Balance as you age

How to Maintain your Balance Throughout the Life Continuum

What Happens to Your Balance as You Age?

Have you ever noticed that as people age their balance tends to get worse?  Chances are you probably have an elderly family member with poor balance or know someone who walks with an assistive device such as a cane or walker.  Perhaps, you are that person who has poor balance or requires to use of a cane or walker.  There is no secret that balance worsens as you age, but what causes your balance to get worse and what can you do to maintain your balance?

What is balance?

Your balance, or ability to maintain upright, is accomplished by a complex set of sensorimotor control systems that includes sensory input from three systems.  These 3 systems include your vision (sight), vestibular (equilibrium/spatial orientation) and somatosensory (touch). 


The eyes are a set of organs involved in light sensation.  Input we receive through the eyes travels through a complex network of neurons and ends up in the brain.  With this input we can determine colors, direction and speed of surrounding objects, shape/orientation of surrounding objects, and orientation of our own body movements.  The role of the visual system is crucial to maintaining good balance because the eyes play many roles.  To test out your balance with and without vision, simply stand on one foot with your eyes open.  Try to maintain that position for 30 seconds.  Make sure that you are in a safe place and have a spotter.  Now, try to stand on that foot for 30 seconds with your eyes closed.  What did you notice?  You probably found it much more difficult to maintain balance without your visual system. Please do not attempt this test if you are prone to falls, have had falls in the past or have known balance issues.


The vestibular unit is a combination of sensory organs including the inner ear, cranial nerves, and brain.  It is responsible for detecting angular and linear acceleration and the body.  When activated, the vestibular system provides information about the motions and positions of the head and body in order to maintain equilibrium.  When not working correctly, this system can be responsible for vertigo. 


Somatosensation involves a complex network of sensory receptors throughout the body including exteroceptive (touch, pain, temperature), interoceptive (organs), and proprioceptive (muscles, joints) receptors.  This system is responsible for determining joint position in space and head positioning relative to the shoulders.  This system can be affected by neuropathy or injury to joints.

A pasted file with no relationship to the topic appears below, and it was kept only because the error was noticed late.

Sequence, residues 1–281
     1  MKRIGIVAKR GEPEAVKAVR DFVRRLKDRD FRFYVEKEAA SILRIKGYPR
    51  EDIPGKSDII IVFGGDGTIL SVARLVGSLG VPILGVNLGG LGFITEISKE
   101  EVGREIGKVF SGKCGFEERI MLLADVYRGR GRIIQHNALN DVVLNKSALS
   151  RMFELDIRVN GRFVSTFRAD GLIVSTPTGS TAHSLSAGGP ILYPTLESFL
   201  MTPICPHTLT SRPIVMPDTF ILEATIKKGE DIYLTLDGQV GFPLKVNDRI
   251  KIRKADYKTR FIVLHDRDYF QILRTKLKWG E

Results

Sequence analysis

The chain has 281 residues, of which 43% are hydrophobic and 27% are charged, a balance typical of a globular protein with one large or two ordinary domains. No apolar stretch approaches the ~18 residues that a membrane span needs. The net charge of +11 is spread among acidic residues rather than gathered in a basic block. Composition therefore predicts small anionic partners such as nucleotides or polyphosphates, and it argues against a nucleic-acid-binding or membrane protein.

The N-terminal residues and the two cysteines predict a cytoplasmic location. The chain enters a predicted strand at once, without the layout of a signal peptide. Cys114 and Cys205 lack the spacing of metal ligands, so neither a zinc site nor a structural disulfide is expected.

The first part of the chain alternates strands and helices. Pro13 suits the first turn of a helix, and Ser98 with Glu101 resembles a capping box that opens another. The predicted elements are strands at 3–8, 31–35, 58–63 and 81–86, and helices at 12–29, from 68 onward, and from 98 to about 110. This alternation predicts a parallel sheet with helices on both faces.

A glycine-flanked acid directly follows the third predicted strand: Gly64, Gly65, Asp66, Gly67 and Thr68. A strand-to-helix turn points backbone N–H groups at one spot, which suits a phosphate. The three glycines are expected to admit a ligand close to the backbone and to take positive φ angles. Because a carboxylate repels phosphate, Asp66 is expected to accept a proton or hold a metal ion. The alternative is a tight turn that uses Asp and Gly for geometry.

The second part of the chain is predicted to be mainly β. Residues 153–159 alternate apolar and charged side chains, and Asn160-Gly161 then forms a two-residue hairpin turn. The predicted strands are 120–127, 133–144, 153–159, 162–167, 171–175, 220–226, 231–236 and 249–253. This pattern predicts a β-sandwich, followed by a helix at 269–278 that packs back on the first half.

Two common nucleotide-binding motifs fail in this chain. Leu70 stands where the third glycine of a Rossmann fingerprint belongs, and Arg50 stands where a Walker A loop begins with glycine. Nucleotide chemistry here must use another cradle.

ab roll out
Ab Roll-Outs for Core Strength

Putting It All Together

Input from these 3 systems is relayed to the brain stem where it is combined with other input from the cerebellum and cerebral cortex.  From there, a motor output is generated in order to engage muscles in an effort to maintain an upright, balanced position.

Why Does Balance Get Worse?

Loss of balance as we age is typically due to a failure of one or multiple sensory systems.  As we age, it becomes difficult to see your environment, making it hard to process visual information.  The calcium crystals inside the inner ear become brittle and can cause symptoms of vertigo.  Neuropathy can occur and proprioceptive input from the muscles and joints is slowed leading to decreased somatosensory input.  Furthermore, higher level processing of this information in the brain is slowed compared to a younger person.  This can decrease balance reactions in the elderly.  Finally, fear avoidance from previous experiences with falls or near-falls may play a role in a lack of balance or gait dysfunction.

How Can You Fix It?

It is possible to slow the deterioration of balance systems and to improve them in some cases.  Increasing whole body strength is one of the best ways to recuperate and maintain balance.  This can be done with a combination of strength training and exercises such as Tai Chi, Otago, or dancing.  Research reports that approximately 2.5 hours of strength and balance training per week can help reduce the risk for falls. Remember, strength training is not all about weight! If you continue to have balance problems or know someone who has fallen, seek the assistance of a physical therapist to address the issue right away.  A physical therapist will be able to do a formal evaluation and figure out where to concentrate the rehabilitation in order to restore optimal balance and reduce the risk for falls.

Remember, it is never too late to start training your balance.  If you know someone who keeps falling or may be at risk for falls, share this post with them and receive a free balance assessment from Transform Rehabilitation.  Feel free to post any questions in the comments section below and remember to subscribe to our mailing list to stay on top of all things Transform Rehabilitation.

In health,

Kyle Lance, PT, DPT

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